As far as why you’re feeling insecure in your relationship, Dr. Nikki Goldstein, a sexologist and relationship expert, says that it’s important to determine whether the reason has more to do with something your partner said or did, or your own self-perception. “Often when we are feeling a bit low in the self-esteem department, we can be paranoid that our partner might not want us or be looking at other people because we are not good enough,” she tells Elite Daily.

While it’s absolutely possible to have a partner that directly causes your insecurity, Goldstein says that a lot of the time, we’re actually the source of our own insecurity. “It’s our own doubts that send us to doubt the relationship because we don’t feel worthy enough to be in it,” she explains.

How can I deal with trust issues and insecurities in my relationship?

Once you have a better idea of the source of your insecurities, it’s time to take a look at how to overcome — or at least deal with — them, as well as any underlying trust issues. Here are some strategies from Vilhauer and Goldstein:

Don’t compare your relationship to other relationships

Of course, we know that it’s very rarely productive to compare ourselves to other people, the grass is always greener, etc., but we may forget about this when it comes to relationships. Especially when things are just starting out, it can be tempting to look at other couples and their relationship benchmarks to see how you and your partner measure up. But this really isn’t a good idea.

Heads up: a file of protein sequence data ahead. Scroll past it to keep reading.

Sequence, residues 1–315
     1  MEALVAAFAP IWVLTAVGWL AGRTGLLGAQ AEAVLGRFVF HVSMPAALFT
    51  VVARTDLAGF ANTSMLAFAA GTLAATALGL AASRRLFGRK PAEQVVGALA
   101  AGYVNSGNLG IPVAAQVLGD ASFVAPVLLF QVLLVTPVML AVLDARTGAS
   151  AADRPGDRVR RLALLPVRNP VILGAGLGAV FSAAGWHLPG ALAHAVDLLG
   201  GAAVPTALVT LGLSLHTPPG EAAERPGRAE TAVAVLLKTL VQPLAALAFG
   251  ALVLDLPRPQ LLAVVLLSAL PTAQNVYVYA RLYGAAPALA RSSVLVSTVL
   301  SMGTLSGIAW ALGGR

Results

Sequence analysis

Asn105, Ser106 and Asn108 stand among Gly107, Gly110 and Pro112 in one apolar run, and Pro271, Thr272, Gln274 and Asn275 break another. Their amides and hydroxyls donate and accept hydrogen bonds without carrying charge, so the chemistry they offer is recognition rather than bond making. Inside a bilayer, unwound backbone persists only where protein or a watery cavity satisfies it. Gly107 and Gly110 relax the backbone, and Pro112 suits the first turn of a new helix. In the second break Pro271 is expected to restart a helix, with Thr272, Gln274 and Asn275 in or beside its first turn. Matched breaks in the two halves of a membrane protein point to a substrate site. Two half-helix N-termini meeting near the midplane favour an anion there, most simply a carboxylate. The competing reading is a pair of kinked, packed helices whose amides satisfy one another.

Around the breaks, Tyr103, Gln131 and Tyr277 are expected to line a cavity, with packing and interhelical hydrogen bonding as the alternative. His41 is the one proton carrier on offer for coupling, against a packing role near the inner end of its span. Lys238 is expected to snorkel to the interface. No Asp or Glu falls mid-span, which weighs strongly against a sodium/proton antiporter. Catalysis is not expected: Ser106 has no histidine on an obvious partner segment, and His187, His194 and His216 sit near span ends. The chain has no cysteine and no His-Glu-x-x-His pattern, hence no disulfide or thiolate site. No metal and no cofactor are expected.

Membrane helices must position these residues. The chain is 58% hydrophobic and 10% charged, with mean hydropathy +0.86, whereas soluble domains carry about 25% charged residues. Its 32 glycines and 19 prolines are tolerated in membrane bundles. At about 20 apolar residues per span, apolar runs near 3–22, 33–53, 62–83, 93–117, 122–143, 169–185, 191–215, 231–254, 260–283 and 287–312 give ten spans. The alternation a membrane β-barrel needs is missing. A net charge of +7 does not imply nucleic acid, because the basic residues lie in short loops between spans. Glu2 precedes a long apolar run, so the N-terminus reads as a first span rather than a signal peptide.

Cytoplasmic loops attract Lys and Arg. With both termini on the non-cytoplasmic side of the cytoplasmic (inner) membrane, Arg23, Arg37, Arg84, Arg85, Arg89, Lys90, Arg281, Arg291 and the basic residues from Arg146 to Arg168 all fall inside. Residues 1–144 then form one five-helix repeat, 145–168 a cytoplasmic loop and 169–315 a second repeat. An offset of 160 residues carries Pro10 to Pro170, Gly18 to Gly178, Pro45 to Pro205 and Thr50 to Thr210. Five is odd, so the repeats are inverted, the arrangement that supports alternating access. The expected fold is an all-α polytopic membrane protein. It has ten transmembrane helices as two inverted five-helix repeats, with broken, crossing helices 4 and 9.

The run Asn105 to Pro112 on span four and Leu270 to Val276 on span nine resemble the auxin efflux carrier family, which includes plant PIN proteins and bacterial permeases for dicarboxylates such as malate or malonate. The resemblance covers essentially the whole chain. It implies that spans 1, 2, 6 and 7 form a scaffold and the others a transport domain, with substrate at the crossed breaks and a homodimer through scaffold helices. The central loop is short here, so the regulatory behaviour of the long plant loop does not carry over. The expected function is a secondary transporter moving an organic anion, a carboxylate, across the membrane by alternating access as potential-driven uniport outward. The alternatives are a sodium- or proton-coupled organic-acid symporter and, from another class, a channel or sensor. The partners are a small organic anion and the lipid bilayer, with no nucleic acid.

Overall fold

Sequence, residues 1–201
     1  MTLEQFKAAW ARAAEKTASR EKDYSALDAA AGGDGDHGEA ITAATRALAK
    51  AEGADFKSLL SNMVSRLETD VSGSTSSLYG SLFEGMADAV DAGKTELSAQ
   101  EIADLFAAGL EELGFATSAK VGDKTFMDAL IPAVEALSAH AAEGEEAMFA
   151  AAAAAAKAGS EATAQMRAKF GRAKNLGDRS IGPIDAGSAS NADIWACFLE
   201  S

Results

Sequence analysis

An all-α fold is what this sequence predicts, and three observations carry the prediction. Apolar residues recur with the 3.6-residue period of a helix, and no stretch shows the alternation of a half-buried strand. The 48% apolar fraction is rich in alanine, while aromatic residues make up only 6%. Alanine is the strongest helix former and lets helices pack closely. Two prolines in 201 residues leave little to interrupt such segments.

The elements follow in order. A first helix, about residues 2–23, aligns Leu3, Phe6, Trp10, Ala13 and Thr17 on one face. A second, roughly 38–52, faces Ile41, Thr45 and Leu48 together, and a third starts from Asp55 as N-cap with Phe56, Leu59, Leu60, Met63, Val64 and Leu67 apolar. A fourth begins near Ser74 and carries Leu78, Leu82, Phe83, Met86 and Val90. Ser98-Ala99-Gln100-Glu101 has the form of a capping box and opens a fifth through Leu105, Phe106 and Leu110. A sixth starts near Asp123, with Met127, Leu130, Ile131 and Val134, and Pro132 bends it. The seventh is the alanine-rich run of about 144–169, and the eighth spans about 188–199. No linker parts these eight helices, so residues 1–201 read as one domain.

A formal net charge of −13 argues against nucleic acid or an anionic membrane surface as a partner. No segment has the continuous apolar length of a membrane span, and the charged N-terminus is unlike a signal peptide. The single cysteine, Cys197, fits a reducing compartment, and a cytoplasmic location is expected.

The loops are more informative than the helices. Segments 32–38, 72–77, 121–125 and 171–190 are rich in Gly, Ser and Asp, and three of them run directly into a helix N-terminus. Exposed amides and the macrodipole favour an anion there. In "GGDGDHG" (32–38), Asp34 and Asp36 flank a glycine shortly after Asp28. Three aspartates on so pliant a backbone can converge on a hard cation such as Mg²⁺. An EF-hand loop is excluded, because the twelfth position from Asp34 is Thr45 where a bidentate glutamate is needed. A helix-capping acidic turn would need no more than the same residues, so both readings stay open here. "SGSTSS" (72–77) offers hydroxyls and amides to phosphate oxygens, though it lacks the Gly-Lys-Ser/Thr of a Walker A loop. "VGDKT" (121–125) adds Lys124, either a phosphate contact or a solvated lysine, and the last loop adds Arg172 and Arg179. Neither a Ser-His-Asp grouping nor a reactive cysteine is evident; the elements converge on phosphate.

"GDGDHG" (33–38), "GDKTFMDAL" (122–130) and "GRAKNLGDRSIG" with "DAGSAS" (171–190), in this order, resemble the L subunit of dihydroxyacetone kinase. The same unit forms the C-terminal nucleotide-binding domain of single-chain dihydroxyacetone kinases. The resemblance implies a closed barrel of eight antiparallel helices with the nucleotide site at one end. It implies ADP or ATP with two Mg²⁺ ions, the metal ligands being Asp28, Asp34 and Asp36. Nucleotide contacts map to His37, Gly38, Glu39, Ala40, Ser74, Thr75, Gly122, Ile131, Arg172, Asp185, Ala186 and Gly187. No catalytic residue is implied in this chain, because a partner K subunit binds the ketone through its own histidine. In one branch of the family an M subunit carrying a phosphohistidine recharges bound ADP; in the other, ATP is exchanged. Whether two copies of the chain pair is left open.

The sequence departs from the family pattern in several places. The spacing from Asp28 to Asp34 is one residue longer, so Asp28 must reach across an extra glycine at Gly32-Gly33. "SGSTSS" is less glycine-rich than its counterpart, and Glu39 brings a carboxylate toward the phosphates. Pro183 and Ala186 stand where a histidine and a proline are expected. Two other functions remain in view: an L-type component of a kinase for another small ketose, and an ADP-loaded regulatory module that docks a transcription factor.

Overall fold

If you’re not sure whether you’re doing this, here are some questions Goldstein suggests posing to yourself: “Do you have unrealistic expectations and are feeling insecure about your relationships because it doesn’t seem to measure up to others? Do you scroll through social media and wish your relationship looked like those around you? Do you think all your friends are happy in their relationships and wonder why yours isn’t as perfect?”

Trust in yourself

Yes, this may sound like a motivational poster hanging in your kid’s guidance counselor’s office, but when it comes to insecurity in relationships, trusting yourself is absolutely crucial. “Trust yourself to know that no matter what the other person does, you will take care of you,” Vilhauer writes. “Trust yourself to know that you won’t ignore your inner voice when it tells you that something isn’t right. Trust yourself not to hide your feelings, trust yourself to make sure your needs are met, and trust yourself that you won’t lose your sense of self-identity. Trust yourself to know that if the relationship isn’t working, you will be able to leave and still be a wholly functioning individual. When you trust yourself, feeling secure is almost a guarantee.”

Maintain your independence